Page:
Daytona 500: Did a Broken Spoiler Have Something To Do With Michael McDowell Winning the NASCAR Race?

by Emily Morgan
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After Sunday’s Daytona 500, some are questioning if Michael McDowell’s involvement in the 16-car crash contributed to his victory.

Michael McDowell slapped the wall during the race while slowing down to prepare for a crash ahead of him. You can see him slide up into the wall while he’s on the brakes, missing cars on the way.

How Michael McDowell’s Mishap Could Have Launched Him to Victory

As a result, his car suffered damage on the right side, most of it showing on the right rear.

“What happened was the last six inches of the spoiler we had side-slapped the wall and we had right-side damage and it kind of bent the spoiler,” crew chief Drew Blickensderfer said.

However, that unforeseen damage could have been key to his path to victory. His ability to avoid the crash that took out both Joey Logano and Brad Keselowski could have led to his win.

NASCAR issues the large spoilers on the racecars to keep teams from manipulating them, which keeps the vehicles on the ground. The heavy-duty spoilers also slow the cars down.

While spoiler damage usually hinders a car’s ability to accelerate, there’s the possibility the damage could have helped Michael McDowell. The lower part of the spoiler might have given him a boost to keep him at the front throughout the second half.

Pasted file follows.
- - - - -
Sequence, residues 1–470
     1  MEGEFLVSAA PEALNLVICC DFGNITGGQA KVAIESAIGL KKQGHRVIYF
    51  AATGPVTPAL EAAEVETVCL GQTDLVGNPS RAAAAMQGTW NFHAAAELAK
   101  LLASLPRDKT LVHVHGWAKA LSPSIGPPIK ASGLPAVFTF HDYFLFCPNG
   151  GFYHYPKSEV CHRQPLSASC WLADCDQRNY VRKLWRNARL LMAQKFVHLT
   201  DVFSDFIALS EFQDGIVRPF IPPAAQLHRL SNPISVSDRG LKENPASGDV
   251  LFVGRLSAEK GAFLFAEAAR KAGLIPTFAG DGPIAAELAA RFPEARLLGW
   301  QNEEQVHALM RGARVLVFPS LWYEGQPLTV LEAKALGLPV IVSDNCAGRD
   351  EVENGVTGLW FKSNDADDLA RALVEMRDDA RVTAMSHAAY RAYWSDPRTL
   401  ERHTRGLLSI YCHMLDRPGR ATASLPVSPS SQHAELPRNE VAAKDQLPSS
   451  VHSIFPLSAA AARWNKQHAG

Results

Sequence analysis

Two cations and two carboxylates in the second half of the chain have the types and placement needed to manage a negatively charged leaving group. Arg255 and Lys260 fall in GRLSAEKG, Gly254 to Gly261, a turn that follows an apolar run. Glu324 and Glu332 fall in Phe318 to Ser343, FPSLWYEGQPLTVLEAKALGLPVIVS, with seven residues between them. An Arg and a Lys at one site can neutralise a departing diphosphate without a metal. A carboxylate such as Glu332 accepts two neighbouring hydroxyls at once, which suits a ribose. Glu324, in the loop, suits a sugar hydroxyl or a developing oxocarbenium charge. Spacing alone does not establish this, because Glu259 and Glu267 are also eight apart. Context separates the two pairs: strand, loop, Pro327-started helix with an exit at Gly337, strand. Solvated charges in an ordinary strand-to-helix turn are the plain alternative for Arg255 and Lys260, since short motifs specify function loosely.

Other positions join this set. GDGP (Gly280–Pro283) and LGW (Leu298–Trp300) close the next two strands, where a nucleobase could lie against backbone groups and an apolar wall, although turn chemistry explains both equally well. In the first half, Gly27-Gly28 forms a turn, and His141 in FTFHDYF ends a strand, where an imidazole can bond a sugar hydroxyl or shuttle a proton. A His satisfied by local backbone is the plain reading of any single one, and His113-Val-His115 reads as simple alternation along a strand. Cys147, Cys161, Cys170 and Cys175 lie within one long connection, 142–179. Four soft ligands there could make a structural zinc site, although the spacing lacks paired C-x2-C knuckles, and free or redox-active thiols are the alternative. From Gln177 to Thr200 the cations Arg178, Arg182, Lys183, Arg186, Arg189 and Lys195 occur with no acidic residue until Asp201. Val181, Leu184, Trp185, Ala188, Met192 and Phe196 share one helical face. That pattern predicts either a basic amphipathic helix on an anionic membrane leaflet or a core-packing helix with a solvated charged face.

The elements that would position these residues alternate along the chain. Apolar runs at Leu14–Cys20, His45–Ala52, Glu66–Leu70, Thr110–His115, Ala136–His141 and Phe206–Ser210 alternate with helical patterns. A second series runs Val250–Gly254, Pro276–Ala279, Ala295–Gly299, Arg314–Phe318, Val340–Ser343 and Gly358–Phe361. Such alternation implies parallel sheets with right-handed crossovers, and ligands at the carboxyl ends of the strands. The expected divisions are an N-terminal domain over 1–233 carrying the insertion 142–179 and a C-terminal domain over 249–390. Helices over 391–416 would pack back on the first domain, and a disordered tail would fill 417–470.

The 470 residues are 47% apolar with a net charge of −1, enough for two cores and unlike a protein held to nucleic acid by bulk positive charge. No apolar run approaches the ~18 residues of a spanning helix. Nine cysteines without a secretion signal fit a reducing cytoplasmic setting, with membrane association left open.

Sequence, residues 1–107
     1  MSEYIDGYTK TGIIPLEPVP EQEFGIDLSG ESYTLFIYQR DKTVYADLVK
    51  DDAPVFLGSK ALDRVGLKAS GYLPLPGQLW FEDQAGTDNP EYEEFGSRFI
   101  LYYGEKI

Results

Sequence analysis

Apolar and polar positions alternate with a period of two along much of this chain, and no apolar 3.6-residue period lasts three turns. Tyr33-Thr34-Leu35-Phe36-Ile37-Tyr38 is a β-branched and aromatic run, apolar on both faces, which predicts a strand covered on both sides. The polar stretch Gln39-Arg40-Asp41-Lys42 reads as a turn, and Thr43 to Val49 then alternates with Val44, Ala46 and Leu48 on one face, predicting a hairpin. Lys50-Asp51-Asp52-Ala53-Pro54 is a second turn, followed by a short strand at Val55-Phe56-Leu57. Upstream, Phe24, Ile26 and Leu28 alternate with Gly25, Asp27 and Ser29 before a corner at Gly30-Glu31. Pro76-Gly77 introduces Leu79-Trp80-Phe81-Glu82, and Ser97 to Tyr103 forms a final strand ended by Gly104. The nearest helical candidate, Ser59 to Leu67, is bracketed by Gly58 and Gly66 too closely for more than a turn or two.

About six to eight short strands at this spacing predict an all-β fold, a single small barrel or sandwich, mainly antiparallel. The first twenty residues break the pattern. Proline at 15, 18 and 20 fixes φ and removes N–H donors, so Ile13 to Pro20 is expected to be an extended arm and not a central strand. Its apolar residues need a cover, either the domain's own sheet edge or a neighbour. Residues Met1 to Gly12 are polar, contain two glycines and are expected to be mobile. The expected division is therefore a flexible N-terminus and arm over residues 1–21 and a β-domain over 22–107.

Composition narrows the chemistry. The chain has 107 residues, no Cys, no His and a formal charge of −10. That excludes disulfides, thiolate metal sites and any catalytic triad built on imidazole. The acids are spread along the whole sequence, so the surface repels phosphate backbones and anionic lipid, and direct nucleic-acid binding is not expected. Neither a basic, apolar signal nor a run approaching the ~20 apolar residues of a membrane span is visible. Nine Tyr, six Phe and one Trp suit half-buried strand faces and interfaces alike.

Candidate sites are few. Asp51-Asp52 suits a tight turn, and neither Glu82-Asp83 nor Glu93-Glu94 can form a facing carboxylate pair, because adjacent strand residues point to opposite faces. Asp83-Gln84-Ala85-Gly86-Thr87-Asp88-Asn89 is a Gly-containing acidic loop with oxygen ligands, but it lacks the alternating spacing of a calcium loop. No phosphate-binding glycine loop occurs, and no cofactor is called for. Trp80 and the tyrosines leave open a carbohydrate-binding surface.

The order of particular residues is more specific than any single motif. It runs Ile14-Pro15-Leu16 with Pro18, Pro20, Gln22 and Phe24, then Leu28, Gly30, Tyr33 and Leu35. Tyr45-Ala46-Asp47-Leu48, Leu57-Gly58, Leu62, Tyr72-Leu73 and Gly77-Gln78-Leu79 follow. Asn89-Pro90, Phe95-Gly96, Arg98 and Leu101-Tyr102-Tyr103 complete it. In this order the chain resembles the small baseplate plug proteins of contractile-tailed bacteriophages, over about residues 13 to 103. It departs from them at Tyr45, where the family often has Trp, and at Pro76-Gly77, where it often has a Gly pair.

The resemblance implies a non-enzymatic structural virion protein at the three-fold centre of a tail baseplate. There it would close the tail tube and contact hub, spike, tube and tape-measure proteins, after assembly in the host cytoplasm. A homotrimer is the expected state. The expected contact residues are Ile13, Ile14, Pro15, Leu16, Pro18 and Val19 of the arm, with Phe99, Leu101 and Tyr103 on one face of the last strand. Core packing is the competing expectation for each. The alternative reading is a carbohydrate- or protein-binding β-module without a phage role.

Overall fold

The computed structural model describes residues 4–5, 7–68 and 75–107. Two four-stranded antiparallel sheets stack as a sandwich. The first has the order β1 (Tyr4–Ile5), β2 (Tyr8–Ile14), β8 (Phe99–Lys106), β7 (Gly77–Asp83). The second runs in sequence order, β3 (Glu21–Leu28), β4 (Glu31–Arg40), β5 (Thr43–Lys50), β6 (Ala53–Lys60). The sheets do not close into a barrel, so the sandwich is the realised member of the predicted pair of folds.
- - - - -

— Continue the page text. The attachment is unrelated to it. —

“In the [1.5-mile track] car, that would have been worse,” Blickensderfer said. “We have less drag if we have the spoiler closer to the back window. I am not sure if it was better or worse. All weekend long Michael said it was the best pushing car he has ever had down here. And that’s a great thing for a guy like Michael and Front Row Motorsports because when we pull out of line people don’t want to go with you a lot of times. But if you can push all day long and they realize you’ve helped them and helped them, it kind of builds some in the bank to where they’ll go with you.”

NASCAR Spoiler Regulations Worked in McDowell’s Favor

Typically, a broken spoiler is not allowed by NASCAR. But while Michael McDowell’s car had to go through inspection after the race, NASCAR doesn’t typically fail the cars if a crash caused the issue.

“Our car was narrowed up a little bit on the right side from the damage,” Blickensderfer added. “Our spoiler was kind of twisted back, the last six inches of it and kind of opened up. So sure, it helped us get to Victory Lane. So I don’t know if it was better or worse on the racetrack. I’ve seen it go both ways. Yeah, it was something we were a little concerned about because, like I said, on a mile-and-a-half car a lot of times, the opposite has been less drag.”

If NASCAR found an issue with McDowell’s car, NASCAR would disqualify Michael McDowell, and Chase Elliott would be the winner.

Outsider.com